Resource Center

Jul 1, 1989

The Influence of Intravenous Cimetidine Dosage Regimens on the Disposition of Theophylline

Abstract

The influence of the method of cimetidine administration on theophylline disposition was studied in nine healthy, cigarette smoking male volunteers. The treatment phases consisted of: A) theophylline alone, B) theophylline plus intermittent cimetidine therapy (300 mg IV every 6 hr), and C) theophylline in combination with continuous infusion cimetidine (50 mg/hr). Theophylline (4.8 mg/kg) was administered intravenously as aminophylline over 30 minutes during each treatment phase. During study phases B and C subjects received 48 hours of cimetidine therapy beginning 24 hours prior to theophylline dosing. Blood samples for determination of theophylline concentrations were collected serially over 24 hours. Serum theophylline concentrations were determined in duplicate using fluorescence polarization immunoassay (Abbott Diagnostic TDx). The average age of the subjects was 27.4 +/- 4.7 years, and the individual smoking histories ranged from 0.5 to 1.5 packs per day (average 0.89 +/- 0.33). The mean (+/- SD) body weight was 79.1 +/- 8.2 kg and all subjects were within 20% of their ideal body weight. Theophylline pharmacokinetic parameters were determined using noncompartmental analysis. ANOVA for repeated measures and Tukey’s multiple comparison test were used for statistical analysis. The mean (+/- SD) theophylline clearance for each of the treatment groups was: 1.4 +/- 0.4, 1.2 +/- 0.3, and 1.2 +/- 0.2 ml/min/kg for phases A, B and C, respectively. Cimetidine decreased the clearance of theophylline, however, theophylline clearance was not statistically different between regimens B and C. Thus, the method of cimetidine administration (intermittent versus continuous infusion) did not influence the magnitude of the drug-drug interaction.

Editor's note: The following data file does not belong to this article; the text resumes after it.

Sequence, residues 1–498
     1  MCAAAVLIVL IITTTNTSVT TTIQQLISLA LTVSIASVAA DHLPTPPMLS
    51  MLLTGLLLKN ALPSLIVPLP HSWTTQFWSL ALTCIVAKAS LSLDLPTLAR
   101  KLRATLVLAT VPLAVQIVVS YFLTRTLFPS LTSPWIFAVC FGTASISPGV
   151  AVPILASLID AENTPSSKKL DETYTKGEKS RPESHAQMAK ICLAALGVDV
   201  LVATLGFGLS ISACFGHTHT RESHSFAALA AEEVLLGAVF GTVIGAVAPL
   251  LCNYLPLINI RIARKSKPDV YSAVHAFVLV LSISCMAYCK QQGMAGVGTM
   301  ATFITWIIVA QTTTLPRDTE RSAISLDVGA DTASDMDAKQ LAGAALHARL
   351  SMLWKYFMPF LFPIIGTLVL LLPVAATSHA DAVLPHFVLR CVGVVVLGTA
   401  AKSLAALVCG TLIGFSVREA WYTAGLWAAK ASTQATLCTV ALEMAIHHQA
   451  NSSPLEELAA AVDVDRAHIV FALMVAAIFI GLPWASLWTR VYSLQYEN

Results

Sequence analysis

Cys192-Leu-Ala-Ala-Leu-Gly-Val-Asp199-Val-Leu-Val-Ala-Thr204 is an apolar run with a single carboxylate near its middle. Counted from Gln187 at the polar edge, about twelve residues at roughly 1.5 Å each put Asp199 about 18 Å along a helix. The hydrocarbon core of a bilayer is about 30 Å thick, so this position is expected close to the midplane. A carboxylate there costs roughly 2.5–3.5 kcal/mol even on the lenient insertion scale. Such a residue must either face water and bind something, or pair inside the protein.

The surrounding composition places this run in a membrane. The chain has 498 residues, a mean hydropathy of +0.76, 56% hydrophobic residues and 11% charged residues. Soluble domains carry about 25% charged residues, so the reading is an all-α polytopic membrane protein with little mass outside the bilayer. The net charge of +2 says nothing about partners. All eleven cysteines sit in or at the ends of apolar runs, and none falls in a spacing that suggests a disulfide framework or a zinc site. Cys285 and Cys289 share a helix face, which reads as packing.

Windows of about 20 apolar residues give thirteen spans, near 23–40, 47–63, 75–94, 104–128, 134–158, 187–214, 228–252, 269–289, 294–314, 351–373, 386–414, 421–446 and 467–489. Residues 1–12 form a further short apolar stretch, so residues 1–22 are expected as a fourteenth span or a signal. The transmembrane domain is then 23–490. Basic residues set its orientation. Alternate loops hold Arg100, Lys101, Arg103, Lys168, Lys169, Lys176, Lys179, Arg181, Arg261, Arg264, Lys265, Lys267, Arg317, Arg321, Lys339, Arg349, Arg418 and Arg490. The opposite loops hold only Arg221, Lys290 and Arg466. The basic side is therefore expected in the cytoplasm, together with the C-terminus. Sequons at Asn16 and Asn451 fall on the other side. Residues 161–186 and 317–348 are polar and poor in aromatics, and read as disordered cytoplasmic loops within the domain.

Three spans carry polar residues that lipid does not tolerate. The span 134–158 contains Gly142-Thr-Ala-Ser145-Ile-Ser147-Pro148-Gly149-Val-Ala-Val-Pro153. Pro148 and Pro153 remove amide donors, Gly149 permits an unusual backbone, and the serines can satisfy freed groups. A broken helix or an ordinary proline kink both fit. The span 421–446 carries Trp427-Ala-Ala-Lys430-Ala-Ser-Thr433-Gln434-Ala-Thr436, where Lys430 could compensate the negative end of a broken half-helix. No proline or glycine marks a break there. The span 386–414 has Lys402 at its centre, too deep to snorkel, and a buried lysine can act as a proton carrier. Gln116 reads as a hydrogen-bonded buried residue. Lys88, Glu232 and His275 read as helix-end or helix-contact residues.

By Gutfeld MB, Welage LS, Cynthia A. Walawander, Wilton JH, Harrison NJ

Contact Us About This Journal Article